A phenomenon of thought : liminal theory in the museum

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DeLosso, Lisa Christine

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This thesis was planned as a cross-case study of three docent-led museum tours, examined through the lens of liminality. The liminal, as identified by anthropologist Victor Turner, is an ambiguous and transitional state that is “betwixt and between” normative structures. When applied to the art museum, I argue that the liminal is a zone of negotiation that can assist in transformation and personal meaning making through a phenomenon of thought.

This study centers on the following questions: How can liminal theory, as applied to museum education, illuminate the relationships between gallery teachers, visitors, and objects? And, in what ways does liminality allow for visitors’ personal meaning making to occur?

These questions were answered through the planned observation of three docent-led museum tours at the Jack S. Blanton Museum of Art at The University of Texas at Austin. Video and audio recordings, as well as observational field notes, occurred in one museum gallery and focused on one artwork, Cildo Meireles’ Missão/Missões (How to Build Cathedrals). Data was collected from narrative transcripts of the aforementioned video and audio recordings, exit interviews with docents, observational field notes taken during each tour, and observations and notes made while analyzing the video and audio footage. Two of these three tours fit within the parameters set by the researcher and, therefore, one tour was eliminated from the research findings.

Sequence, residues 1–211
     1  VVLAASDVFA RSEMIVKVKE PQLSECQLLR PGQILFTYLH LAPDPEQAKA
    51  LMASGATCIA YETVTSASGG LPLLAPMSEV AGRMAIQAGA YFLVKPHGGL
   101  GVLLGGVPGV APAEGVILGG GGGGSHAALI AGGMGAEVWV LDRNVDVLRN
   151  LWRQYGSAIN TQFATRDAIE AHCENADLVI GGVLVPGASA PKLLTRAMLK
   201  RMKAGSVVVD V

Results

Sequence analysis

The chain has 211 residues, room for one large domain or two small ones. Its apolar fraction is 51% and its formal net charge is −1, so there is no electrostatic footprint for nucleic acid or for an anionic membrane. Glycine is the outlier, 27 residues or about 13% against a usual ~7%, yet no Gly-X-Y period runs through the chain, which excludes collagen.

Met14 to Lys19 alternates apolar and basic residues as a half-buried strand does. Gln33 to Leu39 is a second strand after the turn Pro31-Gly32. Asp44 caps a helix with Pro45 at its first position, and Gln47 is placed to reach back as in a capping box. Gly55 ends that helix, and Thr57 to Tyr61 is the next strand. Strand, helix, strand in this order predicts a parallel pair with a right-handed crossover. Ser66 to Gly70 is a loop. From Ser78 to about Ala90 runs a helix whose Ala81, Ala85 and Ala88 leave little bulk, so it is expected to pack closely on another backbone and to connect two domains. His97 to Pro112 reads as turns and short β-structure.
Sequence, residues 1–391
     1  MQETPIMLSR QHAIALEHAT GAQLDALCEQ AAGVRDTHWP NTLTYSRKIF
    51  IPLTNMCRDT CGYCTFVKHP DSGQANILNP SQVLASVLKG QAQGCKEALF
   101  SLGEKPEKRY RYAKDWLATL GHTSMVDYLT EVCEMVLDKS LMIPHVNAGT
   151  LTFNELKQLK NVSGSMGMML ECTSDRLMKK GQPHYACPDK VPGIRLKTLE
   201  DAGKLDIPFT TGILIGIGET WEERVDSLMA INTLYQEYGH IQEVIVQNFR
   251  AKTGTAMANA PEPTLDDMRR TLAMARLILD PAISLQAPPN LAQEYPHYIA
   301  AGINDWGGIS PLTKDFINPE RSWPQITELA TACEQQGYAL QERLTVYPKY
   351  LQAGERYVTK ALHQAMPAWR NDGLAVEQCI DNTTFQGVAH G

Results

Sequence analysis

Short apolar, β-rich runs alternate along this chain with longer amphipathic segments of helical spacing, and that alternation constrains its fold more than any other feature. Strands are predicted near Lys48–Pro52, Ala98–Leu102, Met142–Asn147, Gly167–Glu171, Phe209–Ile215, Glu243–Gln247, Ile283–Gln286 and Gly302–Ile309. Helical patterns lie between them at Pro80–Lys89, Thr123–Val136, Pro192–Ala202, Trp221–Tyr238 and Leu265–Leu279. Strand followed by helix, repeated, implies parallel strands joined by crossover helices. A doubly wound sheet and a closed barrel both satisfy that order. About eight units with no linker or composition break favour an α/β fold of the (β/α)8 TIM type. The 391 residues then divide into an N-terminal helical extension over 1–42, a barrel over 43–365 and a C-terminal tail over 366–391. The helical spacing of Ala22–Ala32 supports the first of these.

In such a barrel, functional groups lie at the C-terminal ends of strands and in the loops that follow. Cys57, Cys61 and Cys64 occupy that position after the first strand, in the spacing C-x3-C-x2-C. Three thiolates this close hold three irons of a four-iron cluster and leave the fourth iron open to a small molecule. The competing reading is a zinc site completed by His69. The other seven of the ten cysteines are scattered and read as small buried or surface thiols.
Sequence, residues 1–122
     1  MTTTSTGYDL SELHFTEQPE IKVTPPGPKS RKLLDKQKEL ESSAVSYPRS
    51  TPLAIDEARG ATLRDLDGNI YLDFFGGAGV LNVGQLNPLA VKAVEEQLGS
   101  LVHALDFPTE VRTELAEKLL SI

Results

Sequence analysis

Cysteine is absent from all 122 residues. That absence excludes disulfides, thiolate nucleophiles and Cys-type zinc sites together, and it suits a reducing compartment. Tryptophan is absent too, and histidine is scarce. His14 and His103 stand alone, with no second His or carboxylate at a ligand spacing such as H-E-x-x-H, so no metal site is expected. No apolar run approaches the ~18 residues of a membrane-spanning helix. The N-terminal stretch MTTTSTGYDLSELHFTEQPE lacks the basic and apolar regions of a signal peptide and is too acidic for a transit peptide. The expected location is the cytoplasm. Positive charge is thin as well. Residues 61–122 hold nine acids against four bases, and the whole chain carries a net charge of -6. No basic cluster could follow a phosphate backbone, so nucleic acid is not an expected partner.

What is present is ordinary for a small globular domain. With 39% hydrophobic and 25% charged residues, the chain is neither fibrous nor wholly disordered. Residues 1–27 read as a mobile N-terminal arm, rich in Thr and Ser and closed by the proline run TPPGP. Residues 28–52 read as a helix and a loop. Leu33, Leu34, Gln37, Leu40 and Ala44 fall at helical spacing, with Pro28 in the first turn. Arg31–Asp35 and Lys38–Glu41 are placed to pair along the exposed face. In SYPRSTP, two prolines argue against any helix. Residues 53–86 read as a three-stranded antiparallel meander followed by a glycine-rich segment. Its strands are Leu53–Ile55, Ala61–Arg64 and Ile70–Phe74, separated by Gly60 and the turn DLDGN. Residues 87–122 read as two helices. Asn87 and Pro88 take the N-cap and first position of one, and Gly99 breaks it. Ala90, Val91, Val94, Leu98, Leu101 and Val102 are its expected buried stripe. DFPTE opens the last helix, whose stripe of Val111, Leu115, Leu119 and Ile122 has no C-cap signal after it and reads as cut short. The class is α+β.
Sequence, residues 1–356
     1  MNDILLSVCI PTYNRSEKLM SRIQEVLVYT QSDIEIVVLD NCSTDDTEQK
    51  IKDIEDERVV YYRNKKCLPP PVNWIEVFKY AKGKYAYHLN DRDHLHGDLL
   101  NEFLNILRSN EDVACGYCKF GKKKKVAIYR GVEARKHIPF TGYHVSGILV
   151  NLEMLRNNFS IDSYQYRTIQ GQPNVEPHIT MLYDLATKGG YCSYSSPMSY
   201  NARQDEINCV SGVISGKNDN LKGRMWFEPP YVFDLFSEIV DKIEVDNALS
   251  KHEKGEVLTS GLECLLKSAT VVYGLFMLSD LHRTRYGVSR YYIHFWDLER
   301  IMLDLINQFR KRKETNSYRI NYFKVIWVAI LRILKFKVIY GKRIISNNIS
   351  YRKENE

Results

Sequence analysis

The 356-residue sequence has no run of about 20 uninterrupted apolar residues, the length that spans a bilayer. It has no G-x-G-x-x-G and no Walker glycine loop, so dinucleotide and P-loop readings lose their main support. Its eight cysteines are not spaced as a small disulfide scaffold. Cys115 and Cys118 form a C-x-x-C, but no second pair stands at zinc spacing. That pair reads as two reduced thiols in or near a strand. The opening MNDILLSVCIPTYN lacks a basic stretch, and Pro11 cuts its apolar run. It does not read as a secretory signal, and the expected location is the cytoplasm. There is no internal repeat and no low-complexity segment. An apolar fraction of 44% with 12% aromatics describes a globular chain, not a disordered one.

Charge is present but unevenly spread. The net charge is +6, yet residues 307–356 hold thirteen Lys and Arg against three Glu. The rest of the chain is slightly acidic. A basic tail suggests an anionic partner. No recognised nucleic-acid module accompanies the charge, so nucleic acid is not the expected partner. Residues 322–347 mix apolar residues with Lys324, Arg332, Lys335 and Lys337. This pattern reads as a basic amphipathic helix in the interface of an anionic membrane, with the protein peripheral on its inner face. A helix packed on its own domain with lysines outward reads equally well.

Content analysis is utilized in this study. This type of data analysis placed information into three categories modeled after Arnold van Gennep’s rites de passage: separation, the liminal, and aggregation. Four subcategories were subsequently discovered during this analysis: observation, connection, realization, and transformation. Conclusions determined after the analysis of this data revealed fluidity between these stages. Additionally, liminal theory illuminated the relationships between visitors, objects, and museum educators in a way that stressed that the negotiation of the artwork, meaning making, and the process of transformation are part of a collaborative journey, and that the spaces “betwixt and between” are valuable for the advancement of museum education.



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